There are some significant differences in refugee policy between the two major parties. At the last election, to the extent that the issue was mentioned at all, Labor wanted to sell itself to progressive voters as the more compassionate political party on this issue, and some of the details of its policy do reflect this. For example, Labor promised to establish an independent advocate for children in detention, to guarantee independent oversight of Australian-funded offshore detention centres, abolish Temporary Protection Visas and increase funding to the UNHCR.
But for all these minimal concessions to humanity, it remains the case that both Labor and Coalition policies maintain those central components of Operation Sovereign Borders, namely offshore detention and boat turn-backs, that most seriously risk continuing breaches of international law.
What Reform Is Desirable?
Our violent treatment of innocent people attempting to reach Australia continues despite criticism from the United Nations and continuing efforts to create change by refugee advocates and concerned citizens.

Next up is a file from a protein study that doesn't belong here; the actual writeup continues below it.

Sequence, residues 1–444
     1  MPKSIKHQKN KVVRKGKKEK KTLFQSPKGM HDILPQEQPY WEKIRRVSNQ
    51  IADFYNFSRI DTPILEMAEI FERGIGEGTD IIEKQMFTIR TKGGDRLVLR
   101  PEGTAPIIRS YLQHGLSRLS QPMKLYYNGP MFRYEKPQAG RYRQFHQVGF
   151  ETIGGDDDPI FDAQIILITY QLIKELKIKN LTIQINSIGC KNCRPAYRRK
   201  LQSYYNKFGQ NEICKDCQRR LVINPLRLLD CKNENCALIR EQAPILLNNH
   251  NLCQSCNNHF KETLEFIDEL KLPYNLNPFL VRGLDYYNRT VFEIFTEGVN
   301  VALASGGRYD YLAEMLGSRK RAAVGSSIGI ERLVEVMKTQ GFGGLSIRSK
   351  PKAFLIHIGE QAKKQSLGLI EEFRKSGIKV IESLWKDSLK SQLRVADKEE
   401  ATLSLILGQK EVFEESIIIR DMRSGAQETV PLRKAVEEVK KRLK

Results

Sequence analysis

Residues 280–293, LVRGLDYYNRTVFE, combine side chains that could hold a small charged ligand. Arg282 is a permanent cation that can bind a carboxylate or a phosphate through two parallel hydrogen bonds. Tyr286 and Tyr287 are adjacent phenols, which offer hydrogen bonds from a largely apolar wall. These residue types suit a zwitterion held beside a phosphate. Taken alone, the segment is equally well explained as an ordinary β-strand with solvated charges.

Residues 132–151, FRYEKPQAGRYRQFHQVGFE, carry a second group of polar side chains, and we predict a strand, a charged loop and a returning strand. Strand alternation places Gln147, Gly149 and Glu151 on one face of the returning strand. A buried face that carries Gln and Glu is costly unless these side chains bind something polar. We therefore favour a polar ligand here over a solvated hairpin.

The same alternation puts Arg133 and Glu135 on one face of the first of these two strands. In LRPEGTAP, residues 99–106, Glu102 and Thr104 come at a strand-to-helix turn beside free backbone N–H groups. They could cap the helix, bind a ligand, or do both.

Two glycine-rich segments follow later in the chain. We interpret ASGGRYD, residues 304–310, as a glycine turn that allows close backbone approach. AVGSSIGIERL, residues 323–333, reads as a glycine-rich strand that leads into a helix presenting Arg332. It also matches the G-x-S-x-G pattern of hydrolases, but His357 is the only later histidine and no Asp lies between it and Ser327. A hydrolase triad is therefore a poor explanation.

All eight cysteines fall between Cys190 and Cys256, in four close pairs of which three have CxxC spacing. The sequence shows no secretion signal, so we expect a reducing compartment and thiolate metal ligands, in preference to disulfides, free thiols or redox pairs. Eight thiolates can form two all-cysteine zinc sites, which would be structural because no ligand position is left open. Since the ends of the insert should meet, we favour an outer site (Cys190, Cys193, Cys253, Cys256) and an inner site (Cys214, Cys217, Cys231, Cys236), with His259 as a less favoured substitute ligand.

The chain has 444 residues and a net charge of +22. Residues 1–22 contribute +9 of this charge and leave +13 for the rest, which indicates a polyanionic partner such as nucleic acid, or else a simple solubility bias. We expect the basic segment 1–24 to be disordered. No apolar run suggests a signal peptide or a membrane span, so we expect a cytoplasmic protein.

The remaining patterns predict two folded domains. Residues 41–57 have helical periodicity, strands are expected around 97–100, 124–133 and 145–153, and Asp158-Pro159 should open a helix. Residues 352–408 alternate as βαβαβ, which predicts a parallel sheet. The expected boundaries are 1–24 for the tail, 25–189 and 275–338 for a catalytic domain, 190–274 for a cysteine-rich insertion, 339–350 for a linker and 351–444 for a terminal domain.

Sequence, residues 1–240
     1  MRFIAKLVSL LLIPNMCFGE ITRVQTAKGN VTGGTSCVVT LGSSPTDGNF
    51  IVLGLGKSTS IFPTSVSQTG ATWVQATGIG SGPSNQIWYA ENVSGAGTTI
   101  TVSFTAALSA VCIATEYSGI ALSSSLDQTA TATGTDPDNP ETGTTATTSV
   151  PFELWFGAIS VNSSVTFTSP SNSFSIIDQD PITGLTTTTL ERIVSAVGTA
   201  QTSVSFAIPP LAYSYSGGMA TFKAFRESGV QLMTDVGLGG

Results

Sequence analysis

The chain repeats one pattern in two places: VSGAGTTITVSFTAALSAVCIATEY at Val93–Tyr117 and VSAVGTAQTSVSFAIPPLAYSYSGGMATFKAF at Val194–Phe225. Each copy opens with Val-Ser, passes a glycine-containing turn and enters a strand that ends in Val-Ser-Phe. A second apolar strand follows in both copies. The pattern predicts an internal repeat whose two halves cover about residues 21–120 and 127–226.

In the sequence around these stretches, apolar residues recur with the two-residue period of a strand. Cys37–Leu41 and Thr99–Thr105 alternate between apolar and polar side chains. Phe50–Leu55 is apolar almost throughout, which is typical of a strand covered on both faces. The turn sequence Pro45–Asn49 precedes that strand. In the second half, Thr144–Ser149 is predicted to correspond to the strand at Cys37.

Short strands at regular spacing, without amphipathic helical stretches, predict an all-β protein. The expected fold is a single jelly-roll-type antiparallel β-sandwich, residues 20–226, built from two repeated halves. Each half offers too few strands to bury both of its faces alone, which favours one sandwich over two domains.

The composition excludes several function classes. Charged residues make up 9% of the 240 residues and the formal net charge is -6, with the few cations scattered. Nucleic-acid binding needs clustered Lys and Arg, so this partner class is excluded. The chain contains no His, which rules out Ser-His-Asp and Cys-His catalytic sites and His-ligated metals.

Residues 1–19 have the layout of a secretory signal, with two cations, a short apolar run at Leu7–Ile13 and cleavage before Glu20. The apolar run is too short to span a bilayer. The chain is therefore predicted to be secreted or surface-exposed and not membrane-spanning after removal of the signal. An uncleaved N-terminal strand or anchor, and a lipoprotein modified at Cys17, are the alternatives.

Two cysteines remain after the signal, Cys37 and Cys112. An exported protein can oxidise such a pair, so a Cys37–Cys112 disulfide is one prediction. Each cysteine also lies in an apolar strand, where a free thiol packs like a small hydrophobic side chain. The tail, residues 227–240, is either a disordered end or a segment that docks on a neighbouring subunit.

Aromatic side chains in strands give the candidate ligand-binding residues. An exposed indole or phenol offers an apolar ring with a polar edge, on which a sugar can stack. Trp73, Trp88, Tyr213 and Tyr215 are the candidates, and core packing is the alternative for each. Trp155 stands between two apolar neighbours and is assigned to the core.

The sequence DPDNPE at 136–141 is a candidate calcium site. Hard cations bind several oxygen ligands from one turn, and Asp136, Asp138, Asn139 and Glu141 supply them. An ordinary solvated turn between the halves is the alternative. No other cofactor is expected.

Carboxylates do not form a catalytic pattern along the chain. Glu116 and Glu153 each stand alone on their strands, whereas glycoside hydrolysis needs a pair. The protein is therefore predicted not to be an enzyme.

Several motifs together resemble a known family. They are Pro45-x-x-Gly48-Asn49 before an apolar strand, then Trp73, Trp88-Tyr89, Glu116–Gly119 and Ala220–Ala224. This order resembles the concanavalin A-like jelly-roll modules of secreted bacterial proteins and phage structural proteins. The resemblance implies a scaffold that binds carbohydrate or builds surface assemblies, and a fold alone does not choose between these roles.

While finding a solution to a problem as multifaceted as refugee flows is always going to be complex, there are no moral complexities to Australia’s current approach. It cannot be defended by anyone who considers torture or serious mistreatment of innocent people unacceptable. The only way to endorse our current policy is to accept that keeping a certain subgroup of foreigners out of Australia is a good enough reason to justify institutional abuse of innocent people, including children.
The repeated, craven and fallacious assurance from our leaders that we have had to choose between one of two regrettable options, either punishing asylum seekers or letting them die at sea, has poisoned Australia’s national identity. If defenders of the current system really were concerned with the wellbeing of refugees, surely they would have the imagination to think of solutions beyond creating a terror more profound than the original persecution.